However, the real growth potential lies in the creative industries across the globe. This industry is the future because amongst other attributes it consist of young people who are innovators by their very nature. Economists agree  that the creative industries form a remarkably healthy branch of the global economy. When the crisis hit in 2007, world exports of creative goods and services continued to grow.

The growth of the industry in countries like Nigeria, Ghana, Egypt, Senegal and Cameroon demonstrate the ability of the sector to contribute to social cohesion efforts.


In recognition of the potential of the industry, BRICS countries have signed an agreement on culture which states the following amongst other things;

“… being aware of the importance of broadening and deepening the cooperation in the field of culture,

 “being convinced that cultural dialogue contributes to the progress of nations and better mutual understanding of cultures, facilitating rapprochement of peoples,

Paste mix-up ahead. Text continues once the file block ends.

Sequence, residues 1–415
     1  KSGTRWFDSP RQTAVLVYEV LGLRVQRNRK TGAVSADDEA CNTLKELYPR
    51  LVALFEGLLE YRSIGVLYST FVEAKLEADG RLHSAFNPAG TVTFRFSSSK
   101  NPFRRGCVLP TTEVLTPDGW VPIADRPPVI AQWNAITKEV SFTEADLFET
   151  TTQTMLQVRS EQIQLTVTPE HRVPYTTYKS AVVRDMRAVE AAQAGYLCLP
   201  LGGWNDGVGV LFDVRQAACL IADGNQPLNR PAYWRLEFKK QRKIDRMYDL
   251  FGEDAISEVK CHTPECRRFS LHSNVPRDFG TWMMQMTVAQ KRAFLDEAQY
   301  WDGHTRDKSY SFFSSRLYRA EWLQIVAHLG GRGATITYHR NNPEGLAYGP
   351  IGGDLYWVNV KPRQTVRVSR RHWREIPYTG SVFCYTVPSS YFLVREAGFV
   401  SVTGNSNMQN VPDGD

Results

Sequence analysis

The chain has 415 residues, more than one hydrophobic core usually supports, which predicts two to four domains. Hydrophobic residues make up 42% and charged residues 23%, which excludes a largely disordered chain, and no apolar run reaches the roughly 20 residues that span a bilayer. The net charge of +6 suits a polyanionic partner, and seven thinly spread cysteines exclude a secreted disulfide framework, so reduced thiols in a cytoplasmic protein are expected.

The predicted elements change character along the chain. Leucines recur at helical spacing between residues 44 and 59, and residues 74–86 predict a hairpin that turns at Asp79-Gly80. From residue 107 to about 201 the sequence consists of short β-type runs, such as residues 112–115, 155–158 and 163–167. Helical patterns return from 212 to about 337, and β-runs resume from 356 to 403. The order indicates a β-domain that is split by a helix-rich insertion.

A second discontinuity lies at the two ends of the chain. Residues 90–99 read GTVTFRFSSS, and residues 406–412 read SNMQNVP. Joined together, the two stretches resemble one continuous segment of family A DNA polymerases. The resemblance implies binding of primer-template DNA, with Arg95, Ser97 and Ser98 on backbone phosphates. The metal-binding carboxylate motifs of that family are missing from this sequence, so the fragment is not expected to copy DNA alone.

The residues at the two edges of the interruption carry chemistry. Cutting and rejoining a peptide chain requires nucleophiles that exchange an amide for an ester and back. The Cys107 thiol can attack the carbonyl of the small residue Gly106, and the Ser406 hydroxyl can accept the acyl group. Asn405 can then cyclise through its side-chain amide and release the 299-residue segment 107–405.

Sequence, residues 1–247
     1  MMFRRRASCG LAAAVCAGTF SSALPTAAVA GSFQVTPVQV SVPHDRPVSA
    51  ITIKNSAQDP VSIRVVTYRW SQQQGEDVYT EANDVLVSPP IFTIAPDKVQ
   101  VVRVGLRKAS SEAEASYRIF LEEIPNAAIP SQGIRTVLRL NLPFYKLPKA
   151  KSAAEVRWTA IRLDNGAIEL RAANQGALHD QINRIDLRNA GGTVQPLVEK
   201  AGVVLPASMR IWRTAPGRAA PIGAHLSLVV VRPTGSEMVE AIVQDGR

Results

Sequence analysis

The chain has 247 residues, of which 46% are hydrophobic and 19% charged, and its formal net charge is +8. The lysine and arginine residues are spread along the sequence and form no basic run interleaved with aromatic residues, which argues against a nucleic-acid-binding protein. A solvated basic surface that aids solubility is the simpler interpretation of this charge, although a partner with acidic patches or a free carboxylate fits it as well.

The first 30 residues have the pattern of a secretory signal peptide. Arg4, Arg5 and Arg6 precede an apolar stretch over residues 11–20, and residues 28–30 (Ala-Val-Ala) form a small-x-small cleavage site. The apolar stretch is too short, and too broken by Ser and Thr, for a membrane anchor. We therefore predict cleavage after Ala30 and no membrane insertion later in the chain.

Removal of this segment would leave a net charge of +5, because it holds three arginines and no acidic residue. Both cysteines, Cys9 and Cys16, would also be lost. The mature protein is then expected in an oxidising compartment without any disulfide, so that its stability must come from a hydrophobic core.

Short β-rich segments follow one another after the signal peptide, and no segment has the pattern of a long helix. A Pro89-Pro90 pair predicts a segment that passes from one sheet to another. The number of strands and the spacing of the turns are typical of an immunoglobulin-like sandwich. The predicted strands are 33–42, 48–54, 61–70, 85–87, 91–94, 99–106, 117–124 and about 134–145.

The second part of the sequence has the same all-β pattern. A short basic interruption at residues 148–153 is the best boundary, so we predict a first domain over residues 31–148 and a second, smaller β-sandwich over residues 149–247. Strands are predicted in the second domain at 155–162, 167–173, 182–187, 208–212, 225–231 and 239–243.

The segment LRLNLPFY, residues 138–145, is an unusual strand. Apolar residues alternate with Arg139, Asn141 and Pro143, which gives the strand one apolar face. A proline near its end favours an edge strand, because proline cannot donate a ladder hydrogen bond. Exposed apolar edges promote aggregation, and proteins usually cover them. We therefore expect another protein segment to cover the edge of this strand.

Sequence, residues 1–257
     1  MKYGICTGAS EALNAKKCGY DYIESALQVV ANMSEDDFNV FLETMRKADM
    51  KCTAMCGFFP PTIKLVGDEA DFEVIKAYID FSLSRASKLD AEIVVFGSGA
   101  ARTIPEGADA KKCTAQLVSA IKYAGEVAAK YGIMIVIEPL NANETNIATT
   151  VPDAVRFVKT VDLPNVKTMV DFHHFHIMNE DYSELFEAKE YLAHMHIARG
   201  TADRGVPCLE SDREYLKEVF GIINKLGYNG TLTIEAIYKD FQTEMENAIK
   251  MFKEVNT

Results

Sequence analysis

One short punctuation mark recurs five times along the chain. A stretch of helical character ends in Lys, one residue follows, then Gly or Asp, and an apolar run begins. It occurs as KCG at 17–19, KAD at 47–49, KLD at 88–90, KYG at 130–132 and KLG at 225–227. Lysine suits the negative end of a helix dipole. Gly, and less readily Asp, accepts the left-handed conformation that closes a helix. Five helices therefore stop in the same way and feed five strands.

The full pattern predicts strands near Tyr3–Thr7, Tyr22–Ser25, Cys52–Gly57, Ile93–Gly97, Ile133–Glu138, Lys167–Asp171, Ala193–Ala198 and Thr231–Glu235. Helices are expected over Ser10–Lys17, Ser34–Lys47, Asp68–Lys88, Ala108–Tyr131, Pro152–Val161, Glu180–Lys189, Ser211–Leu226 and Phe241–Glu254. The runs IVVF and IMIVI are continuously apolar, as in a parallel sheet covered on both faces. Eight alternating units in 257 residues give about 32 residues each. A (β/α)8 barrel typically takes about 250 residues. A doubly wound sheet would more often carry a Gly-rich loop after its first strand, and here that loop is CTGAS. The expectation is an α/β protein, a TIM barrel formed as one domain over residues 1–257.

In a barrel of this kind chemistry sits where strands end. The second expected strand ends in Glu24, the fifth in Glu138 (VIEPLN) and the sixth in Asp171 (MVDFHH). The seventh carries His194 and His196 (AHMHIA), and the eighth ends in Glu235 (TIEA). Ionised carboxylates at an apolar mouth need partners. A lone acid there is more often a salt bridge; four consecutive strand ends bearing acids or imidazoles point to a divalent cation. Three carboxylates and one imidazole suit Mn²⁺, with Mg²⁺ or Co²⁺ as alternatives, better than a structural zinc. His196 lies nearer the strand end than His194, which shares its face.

“being firmly committed to the BRICS values in the spirit of openness, inclusiveness, equality, respect for cultural diversity, and mutual respect and learning,”

Economics of Culture

A report produced in 2015, conducted by CISAC — the International Confederation of Societies of Authors and Composers, highlighted amongst others the following:

  •  The Creative and cultural industries (CCI) generated an amount of two trillion, two hundred and fifty Billion US Dollars (US$2,250) thus creating more than 29.5 million jobs. The CCI employ 1% of the world’s active population.